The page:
“Wow. I wonder why he’s playing here. No one will pay him any attention. There’s just too much else going on,” said his mother.

The man began to play. The song was something lighthearted and joyful. A few heads looked towards the musician, but after a moment they turned away again. Henry closed his eyes. If he had to describe the music, he would call it green. Green, pastoral music. It made him think of springtime, and the damp woods he liked to explore in back of their large house. Scampering animals and tiny shoots and buds. It helped him forget the dirty train station, the sooty air, and how complicated his life was beginning to feel.

“I know our hotel room is pretty vile,” his mother said, dabbing at her face with a handkerchief. “My god. When I saw that slanted floor and the stained ceiling…when I saw that peach pit left on the sink, swarming with fruit flies! Ha ha! I said to myself, Vera, what have you got yourself and the boy into! I almost wanted to cry at how hard and ugly things might be. But then I thought, don’t let go of hope. We can find a small place, one that’s clean. Maybe I can find a nice desk job. You’ll start school. I…I can sign you up for lessons. Piano. Or whatever you want…”

He nodded. The familiar words of reassurance. They just didn’t interest him. No matter how persuasively she tried to paint a vision of the future, he just couldn’t see it. She lived in the future and the past, while he was trapped forever in the present moment.

But the music—the music was speaking to him the way words couldn’t. The man was playing another song now, one that felt more serious. There was something large and yearning in it. It made his insides feel huge and immense. The music was building onto itself, like steps. Steps he could climb, one by one. And then he would be high above all the madness.

One thing his mother said was right. No one was listening to the violinist, though he was rocking on his toes with passion now, and the music was loud, and it was beautiful, and it was unlike anything he had ever heard. But he may well have been a ghost. What a bunch of dopes, he thought. Roped in like sheep in their stupid masks, clutching their stupid posters and sheet music and movie magazines. Blind and deaf to anything but their own hysteria. Dopes.

He stood a bit apart from his mother, and looked at her askance, trying to see her as a stranger. Her blue dress and that hopeful red lipstick. The little puffed hat. What used to charm him when he was small now made him irritated. And in his irritation, a memory bubbled up into his brain. A memory from when he was four years old, one that he had never spoken of to anyone:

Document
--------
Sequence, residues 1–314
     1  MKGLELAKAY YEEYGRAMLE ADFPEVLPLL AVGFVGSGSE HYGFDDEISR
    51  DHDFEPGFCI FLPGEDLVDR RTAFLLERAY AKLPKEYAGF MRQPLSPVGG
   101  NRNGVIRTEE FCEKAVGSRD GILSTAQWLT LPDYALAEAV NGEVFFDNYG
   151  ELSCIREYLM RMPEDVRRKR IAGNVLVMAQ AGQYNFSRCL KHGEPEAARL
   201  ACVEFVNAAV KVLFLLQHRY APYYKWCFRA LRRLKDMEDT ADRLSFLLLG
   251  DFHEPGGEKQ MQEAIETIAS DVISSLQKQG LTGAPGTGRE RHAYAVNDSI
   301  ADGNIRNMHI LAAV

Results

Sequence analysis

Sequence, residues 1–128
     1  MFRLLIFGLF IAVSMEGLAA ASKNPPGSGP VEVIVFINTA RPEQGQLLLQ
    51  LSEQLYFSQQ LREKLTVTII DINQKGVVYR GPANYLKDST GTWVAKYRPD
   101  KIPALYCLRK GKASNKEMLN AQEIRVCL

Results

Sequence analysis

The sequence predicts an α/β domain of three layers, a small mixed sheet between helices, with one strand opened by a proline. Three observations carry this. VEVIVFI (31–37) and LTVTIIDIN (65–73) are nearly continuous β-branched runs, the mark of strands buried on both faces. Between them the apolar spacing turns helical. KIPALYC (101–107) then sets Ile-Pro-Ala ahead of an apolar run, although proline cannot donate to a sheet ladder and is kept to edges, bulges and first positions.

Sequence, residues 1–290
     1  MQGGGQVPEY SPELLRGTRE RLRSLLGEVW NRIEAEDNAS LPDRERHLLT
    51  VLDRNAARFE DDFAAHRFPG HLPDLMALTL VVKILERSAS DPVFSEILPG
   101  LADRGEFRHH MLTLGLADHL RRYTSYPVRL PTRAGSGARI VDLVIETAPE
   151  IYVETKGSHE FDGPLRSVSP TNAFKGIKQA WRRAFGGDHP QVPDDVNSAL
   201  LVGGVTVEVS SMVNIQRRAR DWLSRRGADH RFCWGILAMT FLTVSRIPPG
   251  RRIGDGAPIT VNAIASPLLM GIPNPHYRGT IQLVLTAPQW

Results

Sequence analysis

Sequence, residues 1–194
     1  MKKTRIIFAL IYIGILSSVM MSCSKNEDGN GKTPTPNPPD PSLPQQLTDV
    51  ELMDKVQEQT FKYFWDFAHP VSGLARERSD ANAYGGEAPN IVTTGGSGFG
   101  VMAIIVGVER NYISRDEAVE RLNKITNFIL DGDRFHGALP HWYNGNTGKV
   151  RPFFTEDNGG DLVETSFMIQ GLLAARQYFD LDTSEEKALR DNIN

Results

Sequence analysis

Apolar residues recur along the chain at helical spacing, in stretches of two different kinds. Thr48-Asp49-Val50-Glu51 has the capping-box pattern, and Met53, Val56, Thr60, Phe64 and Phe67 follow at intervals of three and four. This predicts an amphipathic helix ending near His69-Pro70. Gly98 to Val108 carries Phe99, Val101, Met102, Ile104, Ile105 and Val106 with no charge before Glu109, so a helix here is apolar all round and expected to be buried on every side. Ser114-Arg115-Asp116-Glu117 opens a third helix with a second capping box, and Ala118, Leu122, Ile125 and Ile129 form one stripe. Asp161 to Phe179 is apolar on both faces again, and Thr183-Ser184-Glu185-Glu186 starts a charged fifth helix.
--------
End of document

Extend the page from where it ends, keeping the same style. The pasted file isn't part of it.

They told him his mother was gone, that she had TB and needed to live at the hospital. He was left behind, with Mrs. Osmond, in the dusty boardinghouse. When sent to his room to nap, he cried and kicked things. He peeled the wallpaper away from the wall in shreds. That red on red wallpaper, the color of the insides of his eyelids. He used to love to look at it and find the repeat patterns of thorns and vines and blossoms. But now he’s tearing it all away. Chunks of plaster began to come away, too, and the plaster dust was swirling in a streak of sun that escaped the drawn curtain. He dug at the little hole with his fingers, then gouged it with a fountain pen, until it went straight through the entire wall.

He could see into the room next door, one that was occupied by another border. He’d never seen inside that room, the door was always shut, so he peeked through the hole. But it was no stranger in that room. It was his mother.

As in the movies that they watched, the scene that he spied was in black and white. It was his happy mother, making up her face at a dressing table. Then she rose. She was wearing a long, swirling dressing gown. Somewhere, music began to play. It was a snappy number with lots of horns. It was like one of the musical comedies they loved. She danced around the room, light as air, swaying and swirling with great high kicks. Then she began to sing a song, a song about bright days and new beginnings…

So everything they’d told him was a lie. She was never in the hospital. She was never ill, never close to dying. She was just on the other side of that wall the whole time. His mother was right there, happy and fulfilled without him. The star of her own movie. And all he could do was watch from the little chink in the drywall.